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We go through a lot of yogurt in our house. It can get mega-expensive, mega-fast when you consume that much organic grass-fed yogurt. In our area, organic yogurts in the individual size tubs run about $1.50 apiece. Seems economical enough, until you start doing the math. One dollar for about six ounces of yogurt, times three people in my family, times once a day– that’s over $30 per week in yogurt! Yeeeesssshh. I could think of about 300 things I’d rather spend $30 on in a week than yogurt.
But what if I told you could get an entire half-gallon of organic yogurt for less than you pay for a single cup of fancy coffee? Yup, you can make organic grass-fed yogurt for even cheaper than conventional store-bought yogurt by making your yogurt at home. I know, yogurt-making seems difficult and complicated, but I promise it is totally easy and only takes about 10 minutes of hands-on time. Plus, it only requires two ingredients! You can do this.
And bonus: the stuff you make at home is healthier for your family because you control what mix-ins you use (have you ever looked at how much sugar is in store-bought yogurt?) and how long it ferments.
In our house, we make 24-Hour Yogurt—which is yogurt that ferments for a full day. Many store-bought yogurts are fermented for only a couple of hours, and some as few as 30 minutes! Why do you want a long ferment time on your yogurt? Well, I’m glad you asked.
We make a full gallon of whole milk, grass-fed, organic 24-Hour-Yogurt every two weeks. I use a Greek yogurt strainer to thicken my yogurt (I’ve been using this one for years), and end up with almost three quarts of very thick Greek-style yogurt and about one quart of leftover whey (which I mostly use for baking). You absolutely don’t have to make as much as I do—yogurt-making is scalable up and down—but we’ve found that the gallon amount works great for us!
Before we dig into the actual how-to here, I did want to talk a bit about the two ingredients you’ll need: milk and a yogurt starter culture.
Milk: I recommend starting with organic, grass-fed whole cow’s or goat’s milk (if you want a plant-based yogurt, we have a how-to for that, too). You might be tempted to go for a lower milkfat, but really, you want the whole kit-and-kaboodle here—that’s what makes the end result creamy, thick, and packed full of good-for-your-gut probiotics. You can use raw milk, pasteurized, or ultra-pasteurized—all three will work just fine for yogurt-making.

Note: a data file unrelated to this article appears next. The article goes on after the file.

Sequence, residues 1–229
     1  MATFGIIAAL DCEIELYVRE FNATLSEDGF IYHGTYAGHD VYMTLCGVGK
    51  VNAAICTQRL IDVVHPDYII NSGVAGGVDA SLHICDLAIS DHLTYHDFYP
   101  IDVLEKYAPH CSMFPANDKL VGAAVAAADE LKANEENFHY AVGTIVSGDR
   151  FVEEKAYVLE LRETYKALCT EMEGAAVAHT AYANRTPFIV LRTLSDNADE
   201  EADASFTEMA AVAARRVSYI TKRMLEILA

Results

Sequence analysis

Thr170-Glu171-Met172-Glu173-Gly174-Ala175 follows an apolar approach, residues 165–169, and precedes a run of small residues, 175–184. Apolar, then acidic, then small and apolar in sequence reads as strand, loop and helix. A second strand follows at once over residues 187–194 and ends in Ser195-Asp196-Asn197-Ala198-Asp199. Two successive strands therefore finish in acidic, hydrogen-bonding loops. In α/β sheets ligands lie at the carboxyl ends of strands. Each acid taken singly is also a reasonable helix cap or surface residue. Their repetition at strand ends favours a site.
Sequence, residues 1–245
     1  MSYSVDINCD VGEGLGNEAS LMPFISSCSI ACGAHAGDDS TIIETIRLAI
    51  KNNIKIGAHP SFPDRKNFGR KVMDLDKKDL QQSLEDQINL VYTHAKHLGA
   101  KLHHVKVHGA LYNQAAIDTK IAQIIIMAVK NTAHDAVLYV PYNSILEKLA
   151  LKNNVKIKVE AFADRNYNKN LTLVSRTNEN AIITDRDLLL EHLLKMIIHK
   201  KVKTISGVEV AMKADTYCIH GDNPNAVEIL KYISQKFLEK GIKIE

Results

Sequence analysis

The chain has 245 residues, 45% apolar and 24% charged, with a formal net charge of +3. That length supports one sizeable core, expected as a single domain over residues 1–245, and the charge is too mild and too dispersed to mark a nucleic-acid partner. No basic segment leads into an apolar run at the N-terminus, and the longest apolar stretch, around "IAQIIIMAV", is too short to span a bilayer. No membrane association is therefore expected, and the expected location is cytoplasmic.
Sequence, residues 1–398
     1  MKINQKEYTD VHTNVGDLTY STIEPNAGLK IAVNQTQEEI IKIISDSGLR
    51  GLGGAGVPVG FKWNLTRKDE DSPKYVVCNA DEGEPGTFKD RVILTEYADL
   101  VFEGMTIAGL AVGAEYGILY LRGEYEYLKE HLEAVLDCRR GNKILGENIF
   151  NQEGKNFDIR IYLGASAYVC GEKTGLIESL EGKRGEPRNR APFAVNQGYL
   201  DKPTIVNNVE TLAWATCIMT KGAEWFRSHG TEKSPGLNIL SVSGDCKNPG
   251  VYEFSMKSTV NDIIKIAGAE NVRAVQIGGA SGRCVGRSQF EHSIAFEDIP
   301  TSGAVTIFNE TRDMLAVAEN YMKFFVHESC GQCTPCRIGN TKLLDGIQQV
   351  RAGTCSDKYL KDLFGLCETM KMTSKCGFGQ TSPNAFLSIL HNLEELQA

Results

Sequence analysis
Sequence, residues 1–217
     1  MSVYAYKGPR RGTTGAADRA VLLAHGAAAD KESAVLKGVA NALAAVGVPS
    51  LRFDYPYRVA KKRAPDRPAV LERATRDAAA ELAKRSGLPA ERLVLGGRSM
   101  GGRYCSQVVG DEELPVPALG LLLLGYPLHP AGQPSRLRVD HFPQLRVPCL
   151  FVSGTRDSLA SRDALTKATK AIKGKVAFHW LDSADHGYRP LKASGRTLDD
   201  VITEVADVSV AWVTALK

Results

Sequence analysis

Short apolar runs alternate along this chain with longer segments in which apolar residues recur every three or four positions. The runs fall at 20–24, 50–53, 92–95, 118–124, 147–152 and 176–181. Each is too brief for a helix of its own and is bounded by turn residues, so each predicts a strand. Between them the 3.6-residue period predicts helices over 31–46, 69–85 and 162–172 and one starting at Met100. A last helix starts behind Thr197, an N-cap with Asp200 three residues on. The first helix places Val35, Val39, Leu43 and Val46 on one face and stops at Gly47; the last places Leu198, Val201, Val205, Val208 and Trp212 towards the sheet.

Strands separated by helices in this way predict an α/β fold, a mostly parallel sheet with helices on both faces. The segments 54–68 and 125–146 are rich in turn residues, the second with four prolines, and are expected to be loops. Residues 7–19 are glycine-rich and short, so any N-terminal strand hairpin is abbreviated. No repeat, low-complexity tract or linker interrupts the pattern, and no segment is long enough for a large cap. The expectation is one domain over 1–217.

Yogurt starter culture: You’ll need to inoculate your milk with some starter bacteria to get the yogurt-making process going, and there are two ways of going about this. You can either use premade plain yogurt with active cultures (either store-bought or from a previous batch of homemade yogurt) or you can use a freeze-dried yogurt starter culture. Both work relatively the same, with one important caveat—because you are fermenting for such a long period of time, you give the bacteria all the time they need to run rampant. Which is great if it’s a bacteria your gut needs—less great if the bacteria that runs rampant in your yogurt is one that your body doesn’t need. When using premade yogurt as a your starter culture, you run the risk of inoculating your new batch of yogurt with a bacteria that you didn’t intend to be there—something that got in from the air, from your container, from a spoon—anywhere!
You reduce this risk using freeze-dried starter cultures. This isn’t a big deal if your digestion is in good shape and you are more-or-less healthy. But if you are fighting any sort of illness or disorder, you might want to be more careful with the bacteria you are introducing into your body and stick with a yogurt starter culture. Before I was diagnosed with Lyme, I always made my 24-hour yogurt with yogurt from a previous batch. Post-Lyme, I always make my yogurt with Yogurment yogurt starter cultures. Both turn out about the same taste- and texture-wise.
And those are the only two ingredients you need to make yogurt! So how do you do it? Well, it’s pretty darn simple. I’ll include directions below for both the classic stovetop and heating pad method, and my preferred method—in my Instant Pot.
Either over low heat on the stove, or using the “Yogurt/Boil” setting on your Instant Pot, heat your yogurt until it reaches 185°F. You don’t want to boil the milk, but you do want the milk to get hot enough to kill any not-so-good bacteria that might be lingering. A thermometer is great if you plan on making lots of yogurt, but you don’t absolutely need one. Just heat the milk until it looks frothy, very steamy, and has small bubbles (but don’t let it get to boiling). If you’re using an Instant Pot, the temperature sensor will automatically turn off the Instant Pot and beep when it hits 185°F.
Turn off the heat, remove the pot of yogurt from the heat, and allow to cool. You want it to cool to between 100°F and 115°F—the perfect temperature for yogurt bacteria to thrive. Again, you don’t need a thermometer (but it makes life easier). A good rule of thumb is that when you can stick a (very clean!) finger in the milk, count to 10, and not feel like your finger is going to burn off, it’s at the right temperature. Depending on the amount of milk and the heat of your house, this can take anywhere from 30 minutes to a few hours.
Too hot and the yogurt cultures will die. Too cool and the yogurt cultures won’t multiply. If the milk gets too cool, just heat it back up. If it is still too warm, wait for it to cool down.
When your milk is sufficiently cooled, it’s time to inoculate the milk with your starter. If using premade yogurt, take a little bit of the warm milk and whisk it with your starter yogurt in a small bowl. Pour the yogurt/milk mixture into the milk and whisk well.
If using a freeze-dried yogurt culture, just sprinkle it onto the warm milk and whisk the dickens out of it. To get the optimal amount of probiotics, you should use the amount of freeze-dried culture listed on the package for the amount of milk you’re using. I admit, to save some money, I usually use fewer packets than recommended.
Your goal during the 24-hour fermentation time is to keep the yogurt at right around 100°F for the entire time. There are as many ways to do this as there are people making yogurt! But my two favorite are:
The yogurt will be pretty thick when it comes right out of the fermentation, but it’ll thicken even more as it chills. If after it’s chilled you’d still like thicker yogurt, strain through either a yogurt strainer or nut milk bag. Enjoy just as you would store-bought yogurt!
Can I ferment longer than 24 hours?
After 24 hours, you start to hit the law of diminishing returns—you begin to get bacterial die-off because the more aggressive bacteria start to beat out the other probiotics. After about 36 hours, the whole shebang is so volatile that it won’t last long in the fridge anymore. 24 hours is the way to go—set a timer!